This year Spokane is celebrating the 50th anniversary of Expo ’74. Spokane will be on display for residents and visitors through a series of events over a two-month period. What would you like to highlight or show during this time?

Spokane was the smallest city ever to host the World’s Fair. And it was a tremendous accomplishment in terms of how people pull together and how the city was physically transformed. Literally, the railroad yards on the banks of the river were removed, and the city created an amazing park central to the city. And it reinvigorated the whole downtown core. 

It highlights one of the most important aspects of the city, which is the river and the connection to it. The 50th anniversary celebration is going to highlight that environmental theme, but it’s also going to highlight our tribal connections. And our neighboring tribal nations as well as our substantial urban Native population is going to be very engaged in this celebration. There’ll be a powwow and a salmon release. There will be numerous free and family-friendly events for people to take part in. And I think it will also be an opportunity for us to think about what are the commitments or initiatives we want to make for the next generation.

Let’s look toward the future. How have your first few months in office shaped your approach and your priorities going forward to the rest of 2024 and the remainder of your term?

A member of my cabinet recently said that we have a lot of plates spinning, and that is correct. Like I came in with a lot of ideas and enthusiasm and there was a lot of openness to change in several areas. And so a lot of things are underway. We need to demonstrate that we can move those through implementation, which is a lot harder than just coming up with good ideas. 

And then I’m hopeful that we get a chance to transition towards some of my other priorities, which relate to early learning and child care, and relate to pulling together our great higher education institutions and really focusing on our workforce issues as well. So there are other priorities. But I understand that we need to take some of the initiatives that we’ve already launched and really see them through. The first 100 days have been about that, about discerning how to do that.

Spokane has a lot of great fundamentals – the river, the outdoor activities, great neighborhoods.  It has some significant challenges. And some of those are not easy for a local government to change – you know, we have a significant percentage of our population that’s economically insecure. So we’re going to do our best to connect them to services and opportunities and to create more housing, to help relieve some of the pressure there. And I think that right now, there is a fairly positive sense that we can pull together and make change happen in the community. So I’m gonna capitalize on that honeymoon period and try to get as much accomplished as possible.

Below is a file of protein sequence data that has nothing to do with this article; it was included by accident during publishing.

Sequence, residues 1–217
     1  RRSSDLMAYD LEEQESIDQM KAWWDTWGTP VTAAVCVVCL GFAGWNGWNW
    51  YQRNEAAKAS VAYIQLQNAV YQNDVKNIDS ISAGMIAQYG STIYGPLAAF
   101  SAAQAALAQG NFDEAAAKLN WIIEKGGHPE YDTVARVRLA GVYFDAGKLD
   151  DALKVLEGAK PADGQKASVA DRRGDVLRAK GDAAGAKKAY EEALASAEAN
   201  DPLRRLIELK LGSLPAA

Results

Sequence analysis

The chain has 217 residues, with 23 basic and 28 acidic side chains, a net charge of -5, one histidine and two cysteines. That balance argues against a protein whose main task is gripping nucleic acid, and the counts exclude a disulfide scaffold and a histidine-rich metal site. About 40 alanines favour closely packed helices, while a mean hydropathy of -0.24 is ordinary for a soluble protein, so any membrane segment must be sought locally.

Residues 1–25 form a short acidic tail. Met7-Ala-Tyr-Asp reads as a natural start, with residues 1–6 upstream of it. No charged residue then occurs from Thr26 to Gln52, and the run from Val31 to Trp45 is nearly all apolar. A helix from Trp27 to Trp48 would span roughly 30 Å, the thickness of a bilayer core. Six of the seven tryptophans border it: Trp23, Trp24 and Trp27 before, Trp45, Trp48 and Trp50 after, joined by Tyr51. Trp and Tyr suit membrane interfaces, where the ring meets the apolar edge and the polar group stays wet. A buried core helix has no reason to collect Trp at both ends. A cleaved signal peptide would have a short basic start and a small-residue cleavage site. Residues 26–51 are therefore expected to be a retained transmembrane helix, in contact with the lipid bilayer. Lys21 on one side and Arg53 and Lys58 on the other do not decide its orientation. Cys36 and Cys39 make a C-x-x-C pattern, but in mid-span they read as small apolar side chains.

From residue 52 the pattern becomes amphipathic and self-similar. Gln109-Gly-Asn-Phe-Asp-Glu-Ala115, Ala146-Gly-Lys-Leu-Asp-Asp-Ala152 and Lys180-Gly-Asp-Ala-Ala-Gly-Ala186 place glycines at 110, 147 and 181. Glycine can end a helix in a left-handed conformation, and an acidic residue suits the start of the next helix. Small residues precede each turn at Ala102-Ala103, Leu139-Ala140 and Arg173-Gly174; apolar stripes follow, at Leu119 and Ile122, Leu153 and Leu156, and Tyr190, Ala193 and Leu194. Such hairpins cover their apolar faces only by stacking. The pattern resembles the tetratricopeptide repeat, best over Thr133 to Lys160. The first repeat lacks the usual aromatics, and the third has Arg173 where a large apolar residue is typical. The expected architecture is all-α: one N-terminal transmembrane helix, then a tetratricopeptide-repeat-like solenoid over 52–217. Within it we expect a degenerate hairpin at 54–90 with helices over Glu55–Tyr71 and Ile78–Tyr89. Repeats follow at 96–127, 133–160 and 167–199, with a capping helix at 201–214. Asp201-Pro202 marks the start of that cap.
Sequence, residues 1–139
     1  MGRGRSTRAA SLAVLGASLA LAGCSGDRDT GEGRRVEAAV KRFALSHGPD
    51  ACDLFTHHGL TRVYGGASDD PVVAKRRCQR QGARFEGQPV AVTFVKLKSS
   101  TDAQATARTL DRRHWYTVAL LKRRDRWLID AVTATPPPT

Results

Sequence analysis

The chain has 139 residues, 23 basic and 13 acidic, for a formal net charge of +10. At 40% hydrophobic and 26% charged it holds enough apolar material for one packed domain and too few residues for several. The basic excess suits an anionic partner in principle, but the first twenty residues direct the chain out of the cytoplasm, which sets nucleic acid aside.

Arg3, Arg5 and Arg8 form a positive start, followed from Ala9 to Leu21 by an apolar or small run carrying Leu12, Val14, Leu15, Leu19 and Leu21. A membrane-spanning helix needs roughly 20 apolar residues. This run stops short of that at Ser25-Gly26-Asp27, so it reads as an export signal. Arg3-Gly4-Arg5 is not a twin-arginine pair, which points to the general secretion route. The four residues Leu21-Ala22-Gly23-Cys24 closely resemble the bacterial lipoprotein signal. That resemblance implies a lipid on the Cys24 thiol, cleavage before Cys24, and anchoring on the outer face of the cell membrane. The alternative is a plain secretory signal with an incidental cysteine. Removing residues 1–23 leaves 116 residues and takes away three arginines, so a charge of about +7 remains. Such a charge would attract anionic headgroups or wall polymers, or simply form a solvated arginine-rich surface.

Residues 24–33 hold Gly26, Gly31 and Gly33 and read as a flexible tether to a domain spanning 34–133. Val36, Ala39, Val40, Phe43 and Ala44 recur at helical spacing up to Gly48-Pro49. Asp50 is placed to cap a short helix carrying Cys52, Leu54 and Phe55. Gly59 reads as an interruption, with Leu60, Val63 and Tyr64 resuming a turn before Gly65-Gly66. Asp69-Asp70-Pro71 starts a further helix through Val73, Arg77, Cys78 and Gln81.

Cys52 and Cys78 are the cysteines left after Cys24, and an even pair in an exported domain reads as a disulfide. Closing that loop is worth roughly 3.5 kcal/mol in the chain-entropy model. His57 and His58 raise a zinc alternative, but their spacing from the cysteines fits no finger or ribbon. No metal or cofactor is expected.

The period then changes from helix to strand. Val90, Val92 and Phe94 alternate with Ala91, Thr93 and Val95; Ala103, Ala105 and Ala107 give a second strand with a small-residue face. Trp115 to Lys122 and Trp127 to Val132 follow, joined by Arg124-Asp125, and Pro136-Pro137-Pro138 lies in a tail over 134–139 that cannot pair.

Mayor Lisa Brown leaving an event in the Catalyst Building on Eastern Washington University’s Spokane campus, April 2, 2024. (Rajah Bose for Cascade PBS)

Throughout this interview, several times, you’ve mentioned the challenges of funding and the budget. That’s a factor in every aspect of running the city, whether law enforcement, housing or homelessness. How will you and your administration address this budget challenge?

Well, the first thing my cabinet did was look at options and places where we could create efficiencies or make reductions or not fill vacancies. We will implement some of those suggestions; however, I believe we need a public safety and community resiliency levy. I am presenting that to the City Council. It is up to them to put it on the ballot. But I would like to see that happen. And I think that is the right way to both maintain the level of key services here, the key stuff that cities do – streets and utilities and stormwater treatment, snowplowing the streets, but also taking on some of these challenges related to community safety, community health and housing. We definitely, I believe, need this levy to pass.

What do you think will be key to getting community buy-in? Because as you mentioned, some households are economically challenged.

Transparency and communication. I think that’s the key. I immediately came out and started talking about the significance of the budget deficit and how it was larger than I had even anticipated during the campaign. We are communicating with the City Council and the public on what the service-level reductions would look like as well as listening carefully about the things they would like to see improve. The levy that we put together will embody both of those things.